A five-storey, 600,000 cubic feet industrial space is transformed for this walkthrough exhibit.
Where do you go for a mom-son holiday when your teen loves waterslides and food, and you want to play tennis and read on a beach? Easy—the Bahamas. Specifically, Atlantis—a 171-acre, 3,500-room resort on the north coast of Paradise Island.
Want teen entertainment? Got it. Want sun? Got it. Want loads of restaurants for a perpetually hungry 15-year-old? Got those, too. Want gorgeous beaches? Please . . . this is the Bahamas, after all.
With 21 restaurants, 19 bars and lounges, Crush (a US$11-million teen nightclub), 50,000 sea animals to view, a spa, sports centre, golf course, the largest casino in the Caribbean and 20 million gallons’ worth of water activities, it’s no wonder Atlantis is such a family-friendly standout.
Of course, the white powdery beach is lovely, too. Not that this is the main reason people vacation at Atlantis. What you’ll immediately discover is that this is a beach resort that’s all about the beach—yet, the beach was empty. Like Disneyland or the mega-resorts in Vegas, Atlantis serves up a distorted reality that blurs the watery edges of ancient and modern marine life with the real thing—except the real thing is not where the crowds are (the people on the beach are scant). They’re on the waterslides or marvelling at the Godzilla-sized sea horses that appear to prop up portions of the Royal Towers, or they’re gawking at the metallic snakes that form the railways of the Lagoon Bar.
The little ones are flat-nosed against the resort’s centrepiece, The Dig—a giant aquarium full of dappled manta rays, sharks, eels and countless other creatures, built in what appears to be a submerged lost city that you experience by walking through a Plexiglas tunnel. Even the waterslides riff on ancient times, with the most notable being the 20-metre ersatz Mayan Temple slide that shoots you out of what looks like a monument to the gods and into a big pool—but not before whizzing you through a tunnel where white-bellied sharks glide over you.
What exactly is the appeal of an artificial landscape? Why do people flock to such places? These are the things you can talk about with a 15-year-old while floating down a man-made river called The Current. As for other mom-teen observations, here’s how our four-day getaway played out:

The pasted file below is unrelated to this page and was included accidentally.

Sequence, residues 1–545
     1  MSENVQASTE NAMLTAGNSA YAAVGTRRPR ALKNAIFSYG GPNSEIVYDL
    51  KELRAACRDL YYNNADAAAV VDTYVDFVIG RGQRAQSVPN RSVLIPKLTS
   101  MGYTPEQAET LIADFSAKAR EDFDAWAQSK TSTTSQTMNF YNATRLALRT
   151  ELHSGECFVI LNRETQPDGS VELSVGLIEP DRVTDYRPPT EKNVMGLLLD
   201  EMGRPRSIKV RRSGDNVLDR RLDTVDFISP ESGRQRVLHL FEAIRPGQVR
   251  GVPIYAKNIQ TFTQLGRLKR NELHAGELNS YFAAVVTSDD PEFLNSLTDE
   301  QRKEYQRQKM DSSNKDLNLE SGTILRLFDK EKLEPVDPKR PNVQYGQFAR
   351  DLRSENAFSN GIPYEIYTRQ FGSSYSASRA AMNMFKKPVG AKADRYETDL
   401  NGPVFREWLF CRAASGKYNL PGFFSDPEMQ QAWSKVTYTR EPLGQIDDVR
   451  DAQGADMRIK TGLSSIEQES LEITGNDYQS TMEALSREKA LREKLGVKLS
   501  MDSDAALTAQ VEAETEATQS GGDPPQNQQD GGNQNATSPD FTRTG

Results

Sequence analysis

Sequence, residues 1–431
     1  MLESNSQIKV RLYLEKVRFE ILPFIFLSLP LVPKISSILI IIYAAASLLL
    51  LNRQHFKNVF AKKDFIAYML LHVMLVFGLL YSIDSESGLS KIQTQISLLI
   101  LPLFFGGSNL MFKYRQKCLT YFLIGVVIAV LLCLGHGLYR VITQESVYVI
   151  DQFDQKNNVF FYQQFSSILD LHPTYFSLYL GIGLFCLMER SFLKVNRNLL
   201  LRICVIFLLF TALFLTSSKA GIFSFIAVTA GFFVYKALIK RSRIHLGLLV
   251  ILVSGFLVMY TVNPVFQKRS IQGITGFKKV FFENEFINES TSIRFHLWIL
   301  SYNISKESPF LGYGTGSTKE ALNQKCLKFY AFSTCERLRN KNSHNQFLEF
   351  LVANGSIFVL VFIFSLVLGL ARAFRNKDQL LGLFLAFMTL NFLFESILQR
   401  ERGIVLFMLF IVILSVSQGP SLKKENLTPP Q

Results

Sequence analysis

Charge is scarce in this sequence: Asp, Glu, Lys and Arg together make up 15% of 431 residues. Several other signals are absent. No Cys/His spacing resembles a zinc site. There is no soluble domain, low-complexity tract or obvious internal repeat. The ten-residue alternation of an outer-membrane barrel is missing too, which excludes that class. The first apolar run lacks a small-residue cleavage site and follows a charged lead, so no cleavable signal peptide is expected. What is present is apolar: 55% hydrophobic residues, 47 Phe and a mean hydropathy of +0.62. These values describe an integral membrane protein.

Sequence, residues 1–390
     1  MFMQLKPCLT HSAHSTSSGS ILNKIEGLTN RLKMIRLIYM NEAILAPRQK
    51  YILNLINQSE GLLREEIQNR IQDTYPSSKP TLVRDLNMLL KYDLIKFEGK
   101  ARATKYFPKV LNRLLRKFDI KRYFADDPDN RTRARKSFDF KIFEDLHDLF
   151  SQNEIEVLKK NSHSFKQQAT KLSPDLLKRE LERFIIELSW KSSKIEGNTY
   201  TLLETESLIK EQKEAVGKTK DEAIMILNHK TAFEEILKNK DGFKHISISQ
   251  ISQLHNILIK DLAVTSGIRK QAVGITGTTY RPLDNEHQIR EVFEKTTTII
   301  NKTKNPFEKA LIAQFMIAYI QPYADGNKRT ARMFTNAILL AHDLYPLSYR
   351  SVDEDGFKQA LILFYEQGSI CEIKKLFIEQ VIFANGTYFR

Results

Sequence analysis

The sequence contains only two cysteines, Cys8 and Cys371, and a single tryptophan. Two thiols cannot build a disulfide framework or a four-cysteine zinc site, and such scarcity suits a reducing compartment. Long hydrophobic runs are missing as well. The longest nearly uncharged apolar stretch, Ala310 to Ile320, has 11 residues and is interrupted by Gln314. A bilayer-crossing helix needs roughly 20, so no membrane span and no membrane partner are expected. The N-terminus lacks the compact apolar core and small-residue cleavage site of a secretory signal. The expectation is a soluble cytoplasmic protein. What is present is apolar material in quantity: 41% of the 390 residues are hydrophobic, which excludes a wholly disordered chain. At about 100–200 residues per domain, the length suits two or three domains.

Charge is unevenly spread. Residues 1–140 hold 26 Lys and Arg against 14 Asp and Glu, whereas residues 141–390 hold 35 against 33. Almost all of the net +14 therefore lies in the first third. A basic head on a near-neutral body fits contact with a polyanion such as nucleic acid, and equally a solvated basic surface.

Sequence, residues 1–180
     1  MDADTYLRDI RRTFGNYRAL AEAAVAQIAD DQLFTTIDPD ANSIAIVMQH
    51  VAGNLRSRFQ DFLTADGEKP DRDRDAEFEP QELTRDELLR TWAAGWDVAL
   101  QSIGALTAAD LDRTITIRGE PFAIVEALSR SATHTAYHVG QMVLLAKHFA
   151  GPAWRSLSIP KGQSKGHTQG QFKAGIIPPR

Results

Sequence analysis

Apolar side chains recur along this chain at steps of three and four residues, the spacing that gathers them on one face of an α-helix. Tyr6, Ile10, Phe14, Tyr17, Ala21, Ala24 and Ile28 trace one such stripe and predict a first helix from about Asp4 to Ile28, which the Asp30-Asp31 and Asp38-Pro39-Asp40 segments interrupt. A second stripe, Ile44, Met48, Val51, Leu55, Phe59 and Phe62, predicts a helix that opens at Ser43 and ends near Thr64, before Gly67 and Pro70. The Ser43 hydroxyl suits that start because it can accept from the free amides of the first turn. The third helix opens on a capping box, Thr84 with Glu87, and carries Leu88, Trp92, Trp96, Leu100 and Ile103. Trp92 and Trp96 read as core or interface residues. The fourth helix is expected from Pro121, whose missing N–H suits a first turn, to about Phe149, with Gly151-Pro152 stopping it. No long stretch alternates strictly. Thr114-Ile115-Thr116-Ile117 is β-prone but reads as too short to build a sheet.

Me, the mom
Owned by the same folks behind the Atlantis, the exclusive One&Only Ocean Club is a just stroll down the beach from its mega-sister, but it’s quiet, refined and tiny by comparison. Have lunch on its oceanfront deck, Dune, and order a G&T and the gingery crab salad. The Carib-Asian cuisine, courtesy of chef Jean-Georges Vongerichten, is as fine as you’ll get anywhere.
Quinn, the teen
When I walked into Johnny Rockets, I thought I had entered Grease. It was pretty cool when the staff started dancing, and I liked the names of the burgers (Route 66, St. Louis, The Houston) and the root beer floats, and the fries were pretty good, and … oh yeah, the hot fudge brownie was great. And those straws that came in paper … I don’t see those in Canada.
I never did work up the courage to lift up the trapdoor and plunge down the 50-ft. chute of pitch-black terror known as The Abyss. The Drop, The Falls and The Surge, all of which plummet off the 120-ft.-tall Power Tower, were enough for me. These three inner-tube rides drop into caverns where you get blasted by flash floods and spin around through dark tunnels filled with fellow screamers.
I liked The Current and The Rapids because it felt like I was Indiana Jones bouncing my way through Africa. The steam from the lava pit and the snakes that fall from the top of the cave were cool. And I really liked seeing the sharks at the bottom of The Serpent Slide.
The Swedish massage at the One&Only Spa. From the hand-carved teak walls to the private little daybeds, topped off by the tea ceremony at the end—the Indonesian details transported me to a Balinese Never Never Land.
The six kinds of newspapers we got at the pool were great (at the Ocean Club). And I really liked learning about dolphins (at Dolphin Cay) … I forgot they don’t chew their food and they use their teeth instead to clamp down and scratch other dolphins. I didn’t know that some pods can be as large as 1,000 dolphins. I’d like to see that.
Who can afford to stay in the US$25,000-a-night Royal Towers’ Bridge Suite? Celebs and high rollers, of course, so I just wandered the casino trying to peg who was staying where. Of course, that led me to the slots, where I handed over my usual $20 and called it a night.
I met some cool people at Crush and had fun dancing. It looked just like an adult club that you see in the movies. The music was great and there were a bunch of video games to play if you didn’t feel like dancing.
Other Top Attractions
A tennis lesson from Leo Rolle, who’s worked at the Ocean Club for 43 years. A former Davis Cup player, Rolle gave me tips that immediately improved my game.
I thought the sea lions were more fun than the dolphins because, while they were extremely ugly, they had terrific personalities. I liked how lazy and sassy they were. I could totally relate to them.